In a darkened room sits a man whom the American government says is a senior al Qaeda official. His interrogator, a long-serving CIA agent named Glenn Carle, thinks the man is far from a terrorist mastermind, but a bewildered halfwit. Carle's handlers tell him the man's silence proves he knows something, and insist "enhanced interrogation techniques" - many would say torture - will produce answers. Carle demurs, but is ignored, and his prisoner, while never entering a courtroom, will spend the next seven years in a secret jail far from American shores before his quiet release.
These are the bare facts of Carle's book, The Interrogator, which in the year since its publication has destroyed his life. It has caused outrage everywhere except America, where it has been smothered by what he claims is an insidious whispering campaign by friends of former American vice- president Dick Cheney. "Every word," he says, intensely. "Every f-----g word is true."
They called his publisher, he says, asking them to pulp his book; they rang every major network to prevent him going on air. They are, he says several times, "vicious" and have perpetrated a stain on America's national character.
And so Carle has begun to travel. He has been well received in Germany, Australia, Canada; he has come to New Zealand because the Star-Times wanted to interview him and he wanted to go hiking. Over lunch, he says: "They realised they could not keep me from every interview everywhere, so their strategy is to keep me from the major networks, then it doesn't matter if I talk to some guy in Auckland, or some guy in Butte, Montana, for a radio station that reaches 500 shepherds, for 'if we keep him off the major networks, then he does not exist'."
For those who listen, he has an amazing tale of how the War on Terror warped America's foreign policy and tested their laws and morals. Carle is bitter about the neocons, the new American right, who redefined what was acceptable, legally and morally, in these uncertain times. In particular, he despises George Bush's deputy attorney-general, John Yoo, who wrote the "torture memo", which permitted and claimed as legal such practices as sleep deprivation, binding in stress positions and waterboarding. Carle's prisoner, in his book codenamed CAPTUS, was surely subject to some of these, despite no evidence ever being tabled to suggest he was not a low-level money-changer, rather than, as the CIA speculated, Osama bin Laden's banker.
In the service of his state, Carle had lied, cheated and deceived; he had also seen operations go wrong before, but this was different. "If we screw someone over, because that was the job, because it is in our national security interests and done according to our obligations, legal and moral, then that's the job," he argues. "But in this instance, everything was f----- up, and it need not have been so, and it was kept that way, because people were breaking the law."
The life of a spy, he says, nonchalantly, was chiefly composed of passing the time before meetings chatting to hookers in hotel bars. The Interrogator mercilessly details Carle's own flaws and his wife's awful battle with alcoholism, inclusions designed to portray himself as "a full-bodied human being, not just a spy, none of this James Bond garbage where you are two-dimensional and nothing counts but the operation; that's never the case, everybody has to go buy toilet paper after work".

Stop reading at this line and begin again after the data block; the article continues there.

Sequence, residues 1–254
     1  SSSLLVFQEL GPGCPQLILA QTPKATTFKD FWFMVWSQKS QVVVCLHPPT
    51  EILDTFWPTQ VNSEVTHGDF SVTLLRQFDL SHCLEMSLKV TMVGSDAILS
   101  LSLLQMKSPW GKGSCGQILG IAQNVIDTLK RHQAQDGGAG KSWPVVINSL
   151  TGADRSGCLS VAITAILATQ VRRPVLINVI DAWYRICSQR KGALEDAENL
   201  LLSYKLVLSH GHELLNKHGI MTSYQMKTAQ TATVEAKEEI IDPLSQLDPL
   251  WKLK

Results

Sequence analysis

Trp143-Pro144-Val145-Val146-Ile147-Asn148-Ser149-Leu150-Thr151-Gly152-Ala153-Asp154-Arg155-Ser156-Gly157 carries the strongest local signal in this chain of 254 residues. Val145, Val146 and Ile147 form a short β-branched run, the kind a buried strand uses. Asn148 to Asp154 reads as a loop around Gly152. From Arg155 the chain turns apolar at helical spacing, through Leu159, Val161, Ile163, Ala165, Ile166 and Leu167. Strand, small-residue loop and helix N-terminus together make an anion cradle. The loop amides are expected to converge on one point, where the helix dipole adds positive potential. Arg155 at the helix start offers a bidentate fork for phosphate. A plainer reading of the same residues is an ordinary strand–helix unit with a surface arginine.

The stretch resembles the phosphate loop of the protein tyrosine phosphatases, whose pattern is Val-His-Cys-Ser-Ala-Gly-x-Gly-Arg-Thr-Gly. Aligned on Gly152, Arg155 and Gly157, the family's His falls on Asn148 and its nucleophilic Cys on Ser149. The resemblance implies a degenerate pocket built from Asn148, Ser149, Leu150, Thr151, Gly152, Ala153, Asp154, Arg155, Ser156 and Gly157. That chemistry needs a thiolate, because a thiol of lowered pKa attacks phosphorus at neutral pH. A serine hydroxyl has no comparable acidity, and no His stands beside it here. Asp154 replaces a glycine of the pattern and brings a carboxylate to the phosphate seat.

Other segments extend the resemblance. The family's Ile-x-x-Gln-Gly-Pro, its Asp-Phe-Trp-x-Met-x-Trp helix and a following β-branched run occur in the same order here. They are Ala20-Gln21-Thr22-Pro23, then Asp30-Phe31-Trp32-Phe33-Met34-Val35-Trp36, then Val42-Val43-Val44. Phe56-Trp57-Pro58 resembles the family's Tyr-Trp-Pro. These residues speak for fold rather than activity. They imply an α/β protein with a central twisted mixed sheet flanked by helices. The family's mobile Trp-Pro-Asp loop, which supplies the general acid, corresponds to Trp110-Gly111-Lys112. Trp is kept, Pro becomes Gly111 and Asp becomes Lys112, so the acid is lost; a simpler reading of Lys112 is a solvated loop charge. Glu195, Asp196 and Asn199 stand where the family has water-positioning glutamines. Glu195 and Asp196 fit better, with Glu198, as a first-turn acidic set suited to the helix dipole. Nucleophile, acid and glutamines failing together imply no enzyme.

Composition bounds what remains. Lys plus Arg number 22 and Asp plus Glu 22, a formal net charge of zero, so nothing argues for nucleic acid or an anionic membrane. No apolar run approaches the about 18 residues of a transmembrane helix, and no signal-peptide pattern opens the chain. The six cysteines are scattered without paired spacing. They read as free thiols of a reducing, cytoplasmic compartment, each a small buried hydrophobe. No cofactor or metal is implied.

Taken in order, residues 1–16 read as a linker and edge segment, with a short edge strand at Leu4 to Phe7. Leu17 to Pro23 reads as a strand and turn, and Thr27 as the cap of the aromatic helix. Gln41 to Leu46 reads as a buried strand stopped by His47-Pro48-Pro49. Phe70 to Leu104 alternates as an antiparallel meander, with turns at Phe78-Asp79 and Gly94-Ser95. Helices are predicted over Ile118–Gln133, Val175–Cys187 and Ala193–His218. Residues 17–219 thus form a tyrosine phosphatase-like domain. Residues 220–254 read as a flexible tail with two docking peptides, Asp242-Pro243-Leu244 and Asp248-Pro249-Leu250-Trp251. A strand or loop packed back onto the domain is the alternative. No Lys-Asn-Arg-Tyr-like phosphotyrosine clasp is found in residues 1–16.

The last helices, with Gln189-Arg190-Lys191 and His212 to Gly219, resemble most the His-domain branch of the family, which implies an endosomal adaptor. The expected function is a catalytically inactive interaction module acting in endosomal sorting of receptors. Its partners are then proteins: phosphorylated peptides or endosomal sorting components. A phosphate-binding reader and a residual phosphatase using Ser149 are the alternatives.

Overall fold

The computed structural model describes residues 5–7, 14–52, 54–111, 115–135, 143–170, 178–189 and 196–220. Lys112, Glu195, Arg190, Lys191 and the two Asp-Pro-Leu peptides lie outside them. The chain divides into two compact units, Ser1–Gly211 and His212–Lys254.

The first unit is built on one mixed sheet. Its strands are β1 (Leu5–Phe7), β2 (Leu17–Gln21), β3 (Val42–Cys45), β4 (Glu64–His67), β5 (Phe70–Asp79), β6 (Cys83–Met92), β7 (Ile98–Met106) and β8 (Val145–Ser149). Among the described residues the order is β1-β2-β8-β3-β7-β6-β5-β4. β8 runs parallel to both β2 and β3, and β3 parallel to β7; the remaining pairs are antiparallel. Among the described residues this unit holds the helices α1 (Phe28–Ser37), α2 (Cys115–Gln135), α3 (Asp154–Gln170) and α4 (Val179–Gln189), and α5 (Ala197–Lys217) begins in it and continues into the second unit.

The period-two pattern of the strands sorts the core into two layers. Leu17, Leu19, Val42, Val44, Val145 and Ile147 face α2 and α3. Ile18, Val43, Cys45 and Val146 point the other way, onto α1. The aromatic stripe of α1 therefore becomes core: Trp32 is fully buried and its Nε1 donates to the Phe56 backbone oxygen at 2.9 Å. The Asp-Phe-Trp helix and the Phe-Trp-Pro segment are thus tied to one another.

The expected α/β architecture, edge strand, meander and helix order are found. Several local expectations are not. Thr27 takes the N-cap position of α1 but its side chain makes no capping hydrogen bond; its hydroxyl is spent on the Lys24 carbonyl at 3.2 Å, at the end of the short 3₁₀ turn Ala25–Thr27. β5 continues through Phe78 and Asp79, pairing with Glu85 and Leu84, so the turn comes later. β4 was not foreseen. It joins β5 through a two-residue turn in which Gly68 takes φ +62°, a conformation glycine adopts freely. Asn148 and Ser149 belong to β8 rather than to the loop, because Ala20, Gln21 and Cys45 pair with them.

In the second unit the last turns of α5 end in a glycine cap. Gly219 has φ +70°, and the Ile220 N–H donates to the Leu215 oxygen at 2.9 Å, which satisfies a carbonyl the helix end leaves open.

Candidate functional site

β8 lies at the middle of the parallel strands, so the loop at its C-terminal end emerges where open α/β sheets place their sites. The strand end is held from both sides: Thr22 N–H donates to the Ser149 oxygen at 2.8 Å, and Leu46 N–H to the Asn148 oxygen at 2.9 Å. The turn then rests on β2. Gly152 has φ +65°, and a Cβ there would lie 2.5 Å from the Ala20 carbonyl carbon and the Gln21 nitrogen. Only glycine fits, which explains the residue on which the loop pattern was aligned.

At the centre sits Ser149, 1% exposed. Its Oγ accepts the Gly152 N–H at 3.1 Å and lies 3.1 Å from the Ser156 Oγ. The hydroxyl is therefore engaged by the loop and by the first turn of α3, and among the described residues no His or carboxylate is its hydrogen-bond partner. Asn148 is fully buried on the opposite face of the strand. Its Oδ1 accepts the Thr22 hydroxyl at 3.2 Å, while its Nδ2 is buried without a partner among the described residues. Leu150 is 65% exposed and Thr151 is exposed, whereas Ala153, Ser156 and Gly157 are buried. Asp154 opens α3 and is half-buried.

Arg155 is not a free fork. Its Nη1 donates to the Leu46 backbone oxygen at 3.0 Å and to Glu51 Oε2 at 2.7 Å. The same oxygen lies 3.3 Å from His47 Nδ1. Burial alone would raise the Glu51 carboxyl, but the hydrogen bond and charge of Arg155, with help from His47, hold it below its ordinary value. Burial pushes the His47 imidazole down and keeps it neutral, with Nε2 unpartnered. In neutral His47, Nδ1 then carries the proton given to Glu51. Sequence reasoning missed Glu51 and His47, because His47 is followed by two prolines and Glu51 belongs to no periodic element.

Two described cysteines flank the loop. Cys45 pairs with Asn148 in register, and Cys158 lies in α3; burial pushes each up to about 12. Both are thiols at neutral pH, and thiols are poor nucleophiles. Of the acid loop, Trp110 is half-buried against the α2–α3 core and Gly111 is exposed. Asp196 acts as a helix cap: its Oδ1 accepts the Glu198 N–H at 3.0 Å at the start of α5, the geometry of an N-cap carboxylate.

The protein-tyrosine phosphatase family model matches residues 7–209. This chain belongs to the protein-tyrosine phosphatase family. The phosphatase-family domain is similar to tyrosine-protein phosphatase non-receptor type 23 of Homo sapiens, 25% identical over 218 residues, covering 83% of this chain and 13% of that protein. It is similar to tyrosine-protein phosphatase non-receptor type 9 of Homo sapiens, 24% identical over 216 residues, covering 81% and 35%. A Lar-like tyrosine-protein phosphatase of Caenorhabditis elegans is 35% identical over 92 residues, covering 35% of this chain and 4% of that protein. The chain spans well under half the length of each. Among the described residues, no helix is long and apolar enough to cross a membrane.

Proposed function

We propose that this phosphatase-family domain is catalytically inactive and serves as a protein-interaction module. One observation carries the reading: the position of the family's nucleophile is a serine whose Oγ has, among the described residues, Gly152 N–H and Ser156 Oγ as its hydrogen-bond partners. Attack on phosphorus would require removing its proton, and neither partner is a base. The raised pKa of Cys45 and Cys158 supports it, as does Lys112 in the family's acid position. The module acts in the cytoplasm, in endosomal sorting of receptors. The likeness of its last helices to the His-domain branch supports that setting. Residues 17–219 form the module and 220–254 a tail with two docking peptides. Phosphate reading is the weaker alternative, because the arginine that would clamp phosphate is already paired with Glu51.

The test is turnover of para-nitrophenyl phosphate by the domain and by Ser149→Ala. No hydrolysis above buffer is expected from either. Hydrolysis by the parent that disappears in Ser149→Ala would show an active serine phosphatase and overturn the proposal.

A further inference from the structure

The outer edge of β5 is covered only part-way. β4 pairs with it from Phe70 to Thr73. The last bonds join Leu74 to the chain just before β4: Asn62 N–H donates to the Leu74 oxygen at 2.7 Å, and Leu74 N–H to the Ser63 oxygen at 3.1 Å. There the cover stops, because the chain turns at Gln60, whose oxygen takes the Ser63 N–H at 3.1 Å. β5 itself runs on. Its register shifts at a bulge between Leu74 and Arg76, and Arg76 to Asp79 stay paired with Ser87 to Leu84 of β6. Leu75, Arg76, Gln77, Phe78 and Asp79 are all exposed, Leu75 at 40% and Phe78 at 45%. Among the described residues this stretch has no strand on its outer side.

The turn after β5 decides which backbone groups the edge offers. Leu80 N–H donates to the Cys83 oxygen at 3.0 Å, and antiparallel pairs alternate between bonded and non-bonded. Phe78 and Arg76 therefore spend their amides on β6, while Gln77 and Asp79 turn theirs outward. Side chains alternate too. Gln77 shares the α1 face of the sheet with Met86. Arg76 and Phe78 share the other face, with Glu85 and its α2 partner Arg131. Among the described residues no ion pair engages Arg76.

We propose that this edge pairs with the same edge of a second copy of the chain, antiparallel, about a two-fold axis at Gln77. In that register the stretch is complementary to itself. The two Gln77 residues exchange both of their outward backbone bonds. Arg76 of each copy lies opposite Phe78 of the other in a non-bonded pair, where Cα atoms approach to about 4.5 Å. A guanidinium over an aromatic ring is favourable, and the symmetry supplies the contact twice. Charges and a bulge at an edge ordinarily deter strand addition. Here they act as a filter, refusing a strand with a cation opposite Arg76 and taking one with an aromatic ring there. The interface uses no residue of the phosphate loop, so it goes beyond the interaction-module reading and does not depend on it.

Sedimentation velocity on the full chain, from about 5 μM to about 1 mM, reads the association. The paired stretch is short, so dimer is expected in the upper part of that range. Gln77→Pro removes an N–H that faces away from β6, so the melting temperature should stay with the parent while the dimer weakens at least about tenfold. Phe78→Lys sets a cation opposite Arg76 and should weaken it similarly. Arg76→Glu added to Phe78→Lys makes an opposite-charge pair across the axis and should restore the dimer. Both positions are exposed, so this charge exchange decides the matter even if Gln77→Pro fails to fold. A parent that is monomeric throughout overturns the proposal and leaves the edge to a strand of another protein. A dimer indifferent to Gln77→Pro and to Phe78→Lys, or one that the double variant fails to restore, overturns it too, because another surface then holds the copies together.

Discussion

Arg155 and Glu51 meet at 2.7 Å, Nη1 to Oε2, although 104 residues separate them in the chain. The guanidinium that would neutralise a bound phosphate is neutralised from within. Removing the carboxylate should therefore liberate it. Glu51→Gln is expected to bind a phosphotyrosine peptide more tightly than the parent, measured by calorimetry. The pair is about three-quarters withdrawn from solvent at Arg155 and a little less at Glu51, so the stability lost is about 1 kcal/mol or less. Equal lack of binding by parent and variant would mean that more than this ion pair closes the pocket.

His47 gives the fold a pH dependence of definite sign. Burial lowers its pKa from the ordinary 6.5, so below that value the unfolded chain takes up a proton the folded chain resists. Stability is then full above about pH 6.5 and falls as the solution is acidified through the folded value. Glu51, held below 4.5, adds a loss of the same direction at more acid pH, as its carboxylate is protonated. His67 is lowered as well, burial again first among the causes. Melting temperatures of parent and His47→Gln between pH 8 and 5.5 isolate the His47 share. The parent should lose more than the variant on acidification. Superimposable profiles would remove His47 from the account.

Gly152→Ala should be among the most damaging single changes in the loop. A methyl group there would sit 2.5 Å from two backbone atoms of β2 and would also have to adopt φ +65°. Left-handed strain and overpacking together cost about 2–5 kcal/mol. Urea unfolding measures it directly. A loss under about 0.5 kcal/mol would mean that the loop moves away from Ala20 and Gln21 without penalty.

A silver-haired, erudite 55-year- old, Carle was raised in an elite Boston Brahmin family, the fourth generation in the same house. He studied and played ice hockey at Harvard, running the three miles home along the Charles River with his laundry, before a year in Paris widened his perspective. But on his return he found himself, deeply unhappy, at a Manhattan bank. So he decided to become a spy. A mistake, he says, he should have become a diplomat. "A wrong decision. One of many. Hindsight is easy. That would be another book, if I had the energy to write it."
The CIA had once been the preserve of the academic but by the time Carle joined, he was the oddity among MBA graduates and career soldiers who were intelligent, but not likely to be reading original French fiction, as he is both times we meet. "I thought I would try this for a while, and then maybe do something else, and the 'maybe I do something else' never happened," he says.
On one assignment he was one of six first-tour officers, and by its conclusion, the other five had resigned. "I had a joke I was the only one tough enough and talented enough to take it, or the only weak enough or foolish enough not to do something better. And I think both are true. Or at least, the latter is."
And now the job and the book have combined to leave him almost alone. "My career has isolated me, and I talk about this with my loved ones: 'Am I a loner because my career made me one, or did I chose my career because I am a loner?' I think both statements are probably true." Thoughtful silence. "That does disturb me, actually. But I've always been that sort of way . . . I will walk past a bar, see people laughing and the camaraderie and bonhomie they feel and think this is really cool, I would like that. I'm not some guy who lives in a cave alone but I'm not a joiner, I don't like to drink and laugh stupidly . . . so there you have it, I envy it and I don't want it at the same time."
You don't, he thinks, have many friends in life. He's in touch with one schoolfriend, three or four from college, barely nobody from his CIA career. His parents are dead; he has only one sibling. There's his wife and two children. "That's it. Maybe it is normal. But it's not like I go down to the pub to hang out with my buddies. I don't have buddies."
The agency made him infinitely adaptable; he's happy if he has a book, internet access, and the chance to exercise. "I am as good friends with you guys [myself and photographer Michael Bradley] as I am anybody else," he declares. "We've only met for an hour, but if I lived here, I would call you up next week and say let's go jogging . . . so you are my big buddy."
Inspired, I invite him to the pub that very night to watch State of Origin rugby league, and he is indeed good company, the convivial sort of guy you would be friends with. He ponders these personal revelations, then adds a coda: "That sounds more sad- sack, maybe, than I feel."